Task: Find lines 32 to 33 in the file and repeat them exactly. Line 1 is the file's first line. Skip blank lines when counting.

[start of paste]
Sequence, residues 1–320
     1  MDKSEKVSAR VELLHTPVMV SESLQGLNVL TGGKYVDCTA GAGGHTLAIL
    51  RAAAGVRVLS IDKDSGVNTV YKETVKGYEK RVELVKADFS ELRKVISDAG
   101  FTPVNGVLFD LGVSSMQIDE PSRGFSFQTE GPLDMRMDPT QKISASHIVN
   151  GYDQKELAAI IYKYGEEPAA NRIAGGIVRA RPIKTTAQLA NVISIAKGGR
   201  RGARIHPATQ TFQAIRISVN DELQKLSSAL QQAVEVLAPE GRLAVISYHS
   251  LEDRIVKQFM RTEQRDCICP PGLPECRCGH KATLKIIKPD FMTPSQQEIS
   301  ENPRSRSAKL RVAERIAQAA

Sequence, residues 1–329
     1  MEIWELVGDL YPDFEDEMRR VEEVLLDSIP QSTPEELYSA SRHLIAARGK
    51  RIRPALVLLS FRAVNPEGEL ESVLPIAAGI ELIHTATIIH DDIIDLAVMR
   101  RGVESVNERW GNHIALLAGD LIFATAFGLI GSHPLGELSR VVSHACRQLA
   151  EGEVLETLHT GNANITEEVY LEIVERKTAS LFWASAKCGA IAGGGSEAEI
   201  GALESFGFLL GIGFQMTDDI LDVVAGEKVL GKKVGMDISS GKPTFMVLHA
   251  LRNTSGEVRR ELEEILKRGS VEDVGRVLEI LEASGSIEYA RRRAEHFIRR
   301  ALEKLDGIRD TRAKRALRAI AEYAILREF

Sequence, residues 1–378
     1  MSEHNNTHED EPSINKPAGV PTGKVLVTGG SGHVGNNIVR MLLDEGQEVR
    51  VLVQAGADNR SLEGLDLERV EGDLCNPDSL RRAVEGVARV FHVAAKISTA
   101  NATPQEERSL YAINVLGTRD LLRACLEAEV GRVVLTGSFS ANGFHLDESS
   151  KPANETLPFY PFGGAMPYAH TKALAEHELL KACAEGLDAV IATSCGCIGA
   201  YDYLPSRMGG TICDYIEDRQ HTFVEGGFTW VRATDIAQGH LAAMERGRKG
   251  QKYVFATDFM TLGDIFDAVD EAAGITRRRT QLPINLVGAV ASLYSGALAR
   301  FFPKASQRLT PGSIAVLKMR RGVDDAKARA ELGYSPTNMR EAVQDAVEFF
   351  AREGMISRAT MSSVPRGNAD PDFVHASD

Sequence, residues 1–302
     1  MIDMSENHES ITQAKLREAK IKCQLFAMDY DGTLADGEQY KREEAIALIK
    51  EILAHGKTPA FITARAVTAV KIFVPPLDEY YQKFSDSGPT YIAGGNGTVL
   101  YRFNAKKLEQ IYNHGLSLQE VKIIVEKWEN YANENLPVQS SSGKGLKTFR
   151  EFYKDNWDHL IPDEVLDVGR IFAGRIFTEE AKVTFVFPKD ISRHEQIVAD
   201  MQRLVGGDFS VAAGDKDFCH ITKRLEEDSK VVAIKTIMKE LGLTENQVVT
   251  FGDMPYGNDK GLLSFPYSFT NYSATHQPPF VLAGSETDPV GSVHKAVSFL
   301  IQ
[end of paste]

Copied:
   251  FGDMPYGNDK GLLSFPYSFT NYSATHQPPF VLAGSETDPV GSVHKAVSFL
   301  IQ